NASA’s Boeing 747 Telescope Finds Water On The Moon

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A jumbo jet soaring 45,000 feet above the earth’s surface has helped NASA confirm the existence of water on the moon’s sunlit surface. NASA has long believed there was frozen water at the polar craters that never see sunlight. Now, NASA scientists have discovered water molecules in Clavius Crater, located in the Moon’s southern hemisphere. As NASA notes, the discovery raises questions about resources relevant for future deep space exploration.

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NASA has confirmed the existence of water on the moon using its Boeing 747SP. Photo: NASA

“We had indications that H2O, the familiar water we know, might be present on the sunlit side of the Moon,” said Paul Hertz, director of the Astrophysics Division in the Science Mission Directorate at NASA in a statement. “Now, we know it is there.”

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NASA’s Boeing 747SP was critical to the discovery

Key to the discovery was the use of NASA’s modified Boeing 747SP (registration N747NA). This 43-year-old jumbo jet was picked up by NASA in 1997 and converted into an airborne observatory and science lab.

The jumbo jet’s official name is the Stratospheric Observatory for Infrared Astronomy, but it is better known as SOFIA.

“SOFIA offered a new means of looking at the Moon,” says NASA is a statement provided to Simple Flying.

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The plane flies at altitudes of up to 45,000 feet. Onboard is a 106-inch diameter telescope that can reach above 99% of the water vapor in Earth’s atmosphere to get a clearer view of the infrared universe. SOFIA found the wavelength unique to water molecules using its faint object infrared camera in the SOFIA telescope. That wavelength was 6.1 microns. NASA says it is a “relatively surprising concentration” of water.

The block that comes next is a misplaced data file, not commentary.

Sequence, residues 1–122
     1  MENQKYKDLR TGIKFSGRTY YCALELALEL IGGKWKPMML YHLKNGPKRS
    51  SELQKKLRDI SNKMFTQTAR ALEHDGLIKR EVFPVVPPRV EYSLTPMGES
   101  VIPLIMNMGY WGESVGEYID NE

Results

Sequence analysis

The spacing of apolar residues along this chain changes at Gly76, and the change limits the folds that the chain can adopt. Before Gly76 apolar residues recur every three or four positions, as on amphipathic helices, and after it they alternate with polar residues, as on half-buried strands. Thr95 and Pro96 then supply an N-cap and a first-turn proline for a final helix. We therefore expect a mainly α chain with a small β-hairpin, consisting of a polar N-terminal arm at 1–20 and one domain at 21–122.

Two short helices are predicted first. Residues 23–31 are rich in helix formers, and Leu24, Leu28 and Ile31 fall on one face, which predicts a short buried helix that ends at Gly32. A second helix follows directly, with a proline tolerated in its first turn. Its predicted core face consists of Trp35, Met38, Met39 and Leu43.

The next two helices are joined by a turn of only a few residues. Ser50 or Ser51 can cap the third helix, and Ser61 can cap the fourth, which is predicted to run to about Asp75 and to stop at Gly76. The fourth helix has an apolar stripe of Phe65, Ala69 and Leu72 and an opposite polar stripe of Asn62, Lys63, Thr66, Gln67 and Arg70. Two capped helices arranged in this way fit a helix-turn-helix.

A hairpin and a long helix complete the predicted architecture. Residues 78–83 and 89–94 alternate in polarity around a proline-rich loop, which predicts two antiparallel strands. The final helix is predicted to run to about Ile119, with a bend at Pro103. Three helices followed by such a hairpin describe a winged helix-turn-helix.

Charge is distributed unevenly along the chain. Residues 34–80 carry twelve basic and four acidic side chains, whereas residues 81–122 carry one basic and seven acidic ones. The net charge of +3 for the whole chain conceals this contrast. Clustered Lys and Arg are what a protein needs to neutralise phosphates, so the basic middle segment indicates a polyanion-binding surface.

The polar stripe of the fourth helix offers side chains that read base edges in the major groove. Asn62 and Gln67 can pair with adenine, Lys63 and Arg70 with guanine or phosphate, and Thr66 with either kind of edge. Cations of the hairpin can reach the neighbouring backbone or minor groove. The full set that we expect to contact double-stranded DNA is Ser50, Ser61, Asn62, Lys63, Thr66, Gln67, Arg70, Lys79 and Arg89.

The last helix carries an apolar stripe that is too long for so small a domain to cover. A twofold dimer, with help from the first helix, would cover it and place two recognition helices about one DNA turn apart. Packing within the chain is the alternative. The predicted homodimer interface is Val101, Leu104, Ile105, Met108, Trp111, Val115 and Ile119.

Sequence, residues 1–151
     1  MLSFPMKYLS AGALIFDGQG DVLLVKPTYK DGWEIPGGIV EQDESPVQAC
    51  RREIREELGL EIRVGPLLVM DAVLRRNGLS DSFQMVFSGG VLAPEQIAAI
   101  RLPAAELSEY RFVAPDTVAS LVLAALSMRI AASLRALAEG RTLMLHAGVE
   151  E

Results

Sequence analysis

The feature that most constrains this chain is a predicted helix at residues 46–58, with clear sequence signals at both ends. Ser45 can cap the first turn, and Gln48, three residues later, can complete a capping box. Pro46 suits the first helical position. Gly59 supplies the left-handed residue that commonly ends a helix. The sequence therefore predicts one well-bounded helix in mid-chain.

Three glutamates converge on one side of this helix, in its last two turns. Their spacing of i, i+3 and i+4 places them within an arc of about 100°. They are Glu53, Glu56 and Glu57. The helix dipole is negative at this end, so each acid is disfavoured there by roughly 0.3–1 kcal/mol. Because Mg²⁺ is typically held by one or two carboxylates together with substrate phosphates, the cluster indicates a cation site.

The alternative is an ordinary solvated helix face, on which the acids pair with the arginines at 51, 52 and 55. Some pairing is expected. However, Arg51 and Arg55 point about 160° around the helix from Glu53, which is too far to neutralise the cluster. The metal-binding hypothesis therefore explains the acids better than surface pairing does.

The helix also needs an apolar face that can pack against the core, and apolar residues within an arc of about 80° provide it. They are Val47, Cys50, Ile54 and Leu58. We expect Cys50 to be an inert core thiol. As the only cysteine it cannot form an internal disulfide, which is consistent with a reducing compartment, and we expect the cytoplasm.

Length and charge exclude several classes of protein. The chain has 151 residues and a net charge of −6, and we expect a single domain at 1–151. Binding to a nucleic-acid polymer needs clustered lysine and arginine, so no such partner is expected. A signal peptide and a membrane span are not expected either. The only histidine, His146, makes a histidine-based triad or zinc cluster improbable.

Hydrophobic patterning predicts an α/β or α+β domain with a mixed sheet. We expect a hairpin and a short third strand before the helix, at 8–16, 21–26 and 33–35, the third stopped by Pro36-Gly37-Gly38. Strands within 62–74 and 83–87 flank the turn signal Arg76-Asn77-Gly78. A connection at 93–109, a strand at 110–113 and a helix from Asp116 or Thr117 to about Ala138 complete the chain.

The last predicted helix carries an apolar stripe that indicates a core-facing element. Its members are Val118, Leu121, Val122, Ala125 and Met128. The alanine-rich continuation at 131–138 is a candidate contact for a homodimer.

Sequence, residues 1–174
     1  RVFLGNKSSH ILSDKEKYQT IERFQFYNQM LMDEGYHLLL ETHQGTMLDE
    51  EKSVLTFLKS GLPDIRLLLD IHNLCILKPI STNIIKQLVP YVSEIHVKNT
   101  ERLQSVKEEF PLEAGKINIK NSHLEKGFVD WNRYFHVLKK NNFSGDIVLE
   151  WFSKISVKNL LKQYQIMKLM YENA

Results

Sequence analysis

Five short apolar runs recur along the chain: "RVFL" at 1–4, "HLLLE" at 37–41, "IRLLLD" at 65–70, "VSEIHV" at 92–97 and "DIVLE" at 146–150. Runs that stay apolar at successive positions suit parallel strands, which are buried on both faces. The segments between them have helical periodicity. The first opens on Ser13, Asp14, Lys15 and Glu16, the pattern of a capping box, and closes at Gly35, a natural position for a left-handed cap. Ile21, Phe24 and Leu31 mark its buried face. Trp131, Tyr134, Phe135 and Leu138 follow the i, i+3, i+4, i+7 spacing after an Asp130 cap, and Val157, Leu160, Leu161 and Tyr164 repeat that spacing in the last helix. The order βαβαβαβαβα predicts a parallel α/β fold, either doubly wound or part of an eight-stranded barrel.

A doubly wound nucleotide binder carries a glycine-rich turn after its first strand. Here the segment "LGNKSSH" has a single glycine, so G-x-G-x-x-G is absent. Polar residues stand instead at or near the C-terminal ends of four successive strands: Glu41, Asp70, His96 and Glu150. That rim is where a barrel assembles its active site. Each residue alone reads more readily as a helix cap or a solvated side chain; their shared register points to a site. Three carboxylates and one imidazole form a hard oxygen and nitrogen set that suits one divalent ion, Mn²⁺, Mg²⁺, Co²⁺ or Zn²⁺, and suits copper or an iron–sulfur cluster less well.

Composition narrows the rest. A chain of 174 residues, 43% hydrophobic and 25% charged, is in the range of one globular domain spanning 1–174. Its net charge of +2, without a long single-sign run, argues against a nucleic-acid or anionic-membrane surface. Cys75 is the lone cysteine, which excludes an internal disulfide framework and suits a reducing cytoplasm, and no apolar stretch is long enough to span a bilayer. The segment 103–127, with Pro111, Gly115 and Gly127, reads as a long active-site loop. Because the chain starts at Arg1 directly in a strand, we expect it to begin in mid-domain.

“Water is a valuable resource, for both scientific purposes and for use by our explorers,” said Jacob Bleacher, a chief exploration scientist at NASA.

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“If we can use the resources at the Moon, then we can carry less water and more equipment to help enable new scientific discoveries.”

SOFIA began life flying for PanAm

SOFIA first flew in 1977 for PanAm. At PanAm, the plane was registered as N536PA. In 1986, the plane went to United Airlines, where it flew for a further 11 years as N145UA. In 1997, NASA picked up the jumbo jet from United and set to work converting it.

NASA modified the design of the 747-100 by removing sections of the fuselage and heavily modifying other parts of the plane to reduce weight. This allowed the 747SP to fly higher, faster, and farther non-stop than any other 747 at the time.

The most visible modification was the installation of the telescope. That involved cutting a 5.5 meter tall by 4.1-meter wide door in the aft left side of the plane’s fuselage. The telescope is positioned at the aft end of the fuselage behind a pressurized bulkhead. The telescope operators typically use a guide camera to track stars, keeping the telescope locked steadily on its observing target.

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NASA’s modified Boeing 747SP, better known as SOFIA. Photo

SOFIA doesn’t usually study the moon. The moon is too close and bright, filling the guide camera’s entire field of view. But on nights when no stars are visible, the telescope operators sometimes turn the telescope’s focus onto objects other than stars.

“It was, in fact, the first time SOFIA has looked at the Moon, and we weren’t even completely sure if we would get reliable data, but questions about the Moon’s water compelled us to try,” said a NASA scientist.

“Now that we know we can do this, we’re planning more flights to do more observations”.

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